Global health and HIV-prevention expert is named next dean of the School of Public Health

Dr. Sten H. Vermund, a professor of pediatrics, medicine, health policy, and obstetrics and gynecology at Vanderbilt University, has been named by President Peter Salovey and School of Medicine Dean Dr. Robert J. Alpern as the next dean of the Yale School of Public Health. His term will begin Feb. 1, 2017.

At Vanderbilt, Vermund has also been the Amos Christie Chair in Global Health, director of the university-wide Vanderbilt Institute for Global Health since 2005, and, more recently, the vice president for global health of the Vanderbilt University Medical Center.

Vermund received his M.D. from Albert Einstein College of Medicine. After training in pediatrics at Columbia, he pursued his interest in public health by completing a master’s degree in community health in developing countries at the London School of Hygiene and Tropical Medicine, a diploma in public health at the Royal Institute of Public Health and Hygiene, and a Mellon Foundation-supported fellowship in clinical epidemiology at Columbia-Presbyterian Medical Center. He received his Ph.D. in epidemiology from Columbia University.

Prior to joining Vanderbilt, he was professor of epidemiology, medicine, pediatrics, and nutrition sciences at University of Alabama (UAB) School of Medicine, director of the Division of Geographic Medicine in the Department of Medicine, chair of the Department of Epidemiology, and, later, director of the Sparkman Center for Global Health at UAB School of Public Health.

“In the mid-1980s, Vermund helped establish the first adolescent health clinic that provided some of the earliest care to HIV-infected youth in New York City,” noted Salovey and Alpern in a letter to the Yale community announcing the appointment. “His work showed that HIV was a risk factor for cervical cancer, which motivated routine cervical cancer screening for HIV-infected women worldwide. He served as chief of the Vaccine Trials & Epidemiology Branch in the Division of AIDS at the National Institute of Allergy and Infectious Diseases from 1988 to 1994, a time when AIDS activism had a major influence on government policy. Recognizing the need for prevention approaches, his branch launched HIVNET (HIV Network for Prevention Trials), a major international research network that evolved into several NIH-sponsored networks focused on prevention. His advocacy for a women’s health cohort culminated in the Women’s Interagency HIV Study (WIHS).”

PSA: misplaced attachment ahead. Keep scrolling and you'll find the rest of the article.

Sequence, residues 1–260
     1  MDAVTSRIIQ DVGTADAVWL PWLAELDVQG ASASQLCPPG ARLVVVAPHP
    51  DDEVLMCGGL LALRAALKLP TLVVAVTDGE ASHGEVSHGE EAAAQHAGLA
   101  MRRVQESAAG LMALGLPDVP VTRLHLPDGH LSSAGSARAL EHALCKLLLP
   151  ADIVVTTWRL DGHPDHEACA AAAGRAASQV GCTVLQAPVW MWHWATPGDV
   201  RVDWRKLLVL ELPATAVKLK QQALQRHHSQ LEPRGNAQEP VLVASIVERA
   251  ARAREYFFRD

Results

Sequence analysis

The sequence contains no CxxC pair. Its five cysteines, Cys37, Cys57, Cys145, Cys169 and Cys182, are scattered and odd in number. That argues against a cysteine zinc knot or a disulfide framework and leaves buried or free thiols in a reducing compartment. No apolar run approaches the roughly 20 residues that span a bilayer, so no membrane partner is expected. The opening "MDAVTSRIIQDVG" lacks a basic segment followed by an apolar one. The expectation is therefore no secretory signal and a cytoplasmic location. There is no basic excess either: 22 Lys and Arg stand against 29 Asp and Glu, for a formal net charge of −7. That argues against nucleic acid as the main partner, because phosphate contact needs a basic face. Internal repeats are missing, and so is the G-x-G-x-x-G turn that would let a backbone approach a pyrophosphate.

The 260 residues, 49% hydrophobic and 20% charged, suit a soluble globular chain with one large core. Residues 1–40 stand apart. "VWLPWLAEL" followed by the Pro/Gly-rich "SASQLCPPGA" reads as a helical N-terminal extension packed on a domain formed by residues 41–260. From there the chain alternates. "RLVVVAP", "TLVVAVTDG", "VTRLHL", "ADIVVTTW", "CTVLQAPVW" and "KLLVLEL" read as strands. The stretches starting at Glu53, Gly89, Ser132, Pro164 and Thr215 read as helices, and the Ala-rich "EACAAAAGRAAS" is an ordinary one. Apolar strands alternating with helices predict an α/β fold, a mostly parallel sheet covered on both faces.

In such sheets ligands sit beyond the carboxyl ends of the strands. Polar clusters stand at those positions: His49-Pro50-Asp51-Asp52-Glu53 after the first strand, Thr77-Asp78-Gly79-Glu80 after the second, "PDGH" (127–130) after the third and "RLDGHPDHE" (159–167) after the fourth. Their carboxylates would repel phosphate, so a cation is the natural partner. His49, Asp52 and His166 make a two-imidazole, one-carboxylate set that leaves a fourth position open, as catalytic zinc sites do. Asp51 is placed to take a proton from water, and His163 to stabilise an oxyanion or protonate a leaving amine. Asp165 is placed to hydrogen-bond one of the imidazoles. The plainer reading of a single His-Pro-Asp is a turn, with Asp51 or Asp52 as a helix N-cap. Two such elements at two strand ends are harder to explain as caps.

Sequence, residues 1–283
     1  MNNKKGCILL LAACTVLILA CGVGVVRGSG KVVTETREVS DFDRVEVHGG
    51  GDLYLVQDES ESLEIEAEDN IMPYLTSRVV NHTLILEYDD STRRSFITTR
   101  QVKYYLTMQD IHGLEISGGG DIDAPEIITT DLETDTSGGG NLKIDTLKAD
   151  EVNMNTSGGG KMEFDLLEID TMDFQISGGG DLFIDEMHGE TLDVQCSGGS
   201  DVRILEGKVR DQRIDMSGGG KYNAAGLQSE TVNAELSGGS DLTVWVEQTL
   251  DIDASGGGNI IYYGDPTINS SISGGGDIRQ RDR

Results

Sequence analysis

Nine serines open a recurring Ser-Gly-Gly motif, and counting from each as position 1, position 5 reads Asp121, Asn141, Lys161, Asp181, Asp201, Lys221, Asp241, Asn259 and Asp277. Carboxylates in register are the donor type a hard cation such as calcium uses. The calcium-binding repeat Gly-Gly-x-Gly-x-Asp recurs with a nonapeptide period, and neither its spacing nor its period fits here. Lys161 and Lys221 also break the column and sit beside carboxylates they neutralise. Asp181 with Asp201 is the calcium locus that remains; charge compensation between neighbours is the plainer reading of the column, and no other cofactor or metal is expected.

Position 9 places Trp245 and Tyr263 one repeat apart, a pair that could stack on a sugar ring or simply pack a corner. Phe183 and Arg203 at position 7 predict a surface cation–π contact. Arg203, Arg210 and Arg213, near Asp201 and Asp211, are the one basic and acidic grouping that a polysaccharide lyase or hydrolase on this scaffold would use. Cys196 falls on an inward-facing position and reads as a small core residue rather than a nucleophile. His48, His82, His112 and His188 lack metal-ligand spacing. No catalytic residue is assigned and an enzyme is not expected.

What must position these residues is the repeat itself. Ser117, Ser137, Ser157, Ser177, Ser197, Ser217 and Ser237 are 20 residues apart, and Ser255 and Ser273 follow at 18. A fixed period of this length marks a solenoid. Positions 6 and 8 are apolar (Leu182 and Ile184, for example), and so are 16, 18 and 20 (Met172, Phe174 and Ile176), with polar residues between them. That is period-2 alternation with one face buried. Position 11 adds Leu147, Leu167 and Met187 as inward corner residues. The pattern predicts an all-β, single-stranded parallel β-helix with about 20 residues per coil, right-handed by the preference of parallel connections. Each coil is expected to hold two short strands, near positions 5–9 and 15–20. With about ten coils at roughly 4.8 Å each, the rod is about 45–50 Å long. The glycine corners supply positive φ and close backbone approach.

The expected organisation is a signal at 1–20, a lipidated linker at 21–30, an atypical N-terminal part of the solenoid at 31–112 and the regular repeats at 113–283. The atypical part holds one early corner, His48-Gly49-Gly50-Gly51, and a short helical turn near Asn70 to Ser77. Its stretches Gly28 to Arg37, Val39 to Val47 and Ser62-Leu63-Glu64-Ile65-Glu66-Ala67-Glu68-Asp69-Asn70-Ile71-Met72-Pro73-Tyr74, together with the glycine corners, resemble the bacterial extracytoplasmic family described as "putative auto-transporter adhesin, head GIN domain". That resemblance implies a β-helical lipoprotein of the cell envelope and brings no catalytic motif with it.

For the past two decades, Vermund has focused on global health issues. In developing countries, where Pap smears are not routine, his team promulgated a technique using acetic acid to visually detect cervical lesions and built a major screening program in Zambia that has become a global training center for individuals from more than 20 countries. In 2000, he founded the Centre for Infectious Disease Research, now one of Zambia’s largest NGOs, which currently supports more than 330 clinics that play an instrumental role in the prevention of maternal-fetal HIV transmission and the implementation of antiretroviral therapy. He also founded Friends in Global Health in 2006, an NGO in Mozambique and Nigeria that has provided HIV-related care to over 140,000 individuals. His recent work includes research on HIV prevention in intravenous drug users in Pakistan; cervical cancer prevention at Tanzanian HIV clinics; HIV prevention in China in men who have had sex with men; and maternal-fetal HIV transmission in Nigeria.

A member of the Institute of Medicine (now the National Academy of Medicine) since 2012, Vermund is also a fellow of the American Association for the Advancement of Sciences and a member of the American Pediatric Society. He is a 2014 recipient of the Allan Rosenfield Alumni Award for Excellence in Public Health from the Mailman School of Public Health at Columbia University. In 2012 he received the Douglas K. Richardson Award for Perinatal and Pediatric Health Care Research from the Society for Pediatric Research, and in 2010 he received the Albert Einstein College of Medicine Alumnus Lifetime Achievement Award.

Vermund served as chair of the HIV Preventive Trial Network from 2006 through 2012 and has served on the executive committee since 2000. He is currently on the editorial boards of multiple journals, including the Journal of Acquired Immune Deficiency Syndromes, the Journal of the International AIDS Society, the Journal of Global Infectious Diseases, AIDS, and the Transactions of the Royal Society of Tropical Medicine and Hygiene. He serves as both academic editor and section editor of PLOS ONE.

“Dr. Vermund is committed to training the next generation of public health researchers and practitioners,” said Salovey and Alpern. “He has been a mentor to scores of individuals who have gone on to distinguished careers heading major programs, including working collaboratively over the years with Yale’s own Ann Kurth, dean of the Yale School of Nursing. In turn, Dr. Vermund was himself mentored by Yale Professor Emeritus of Medicine and Epidemiology and Public Health Gerald Friedland.”

Salovey and Alpern also expressed gratitude to Paul Cleary for his “exemplary leadership” as dean during the past 10 years. “We look forward to Dr. Vermund continuing Dr. Cleary’s legacy of growth and innovative research,” they said. “Please join us in welcoming Dr. Vermund and his wife, child psychiatrist Pilar Vargas, to the Yale community.”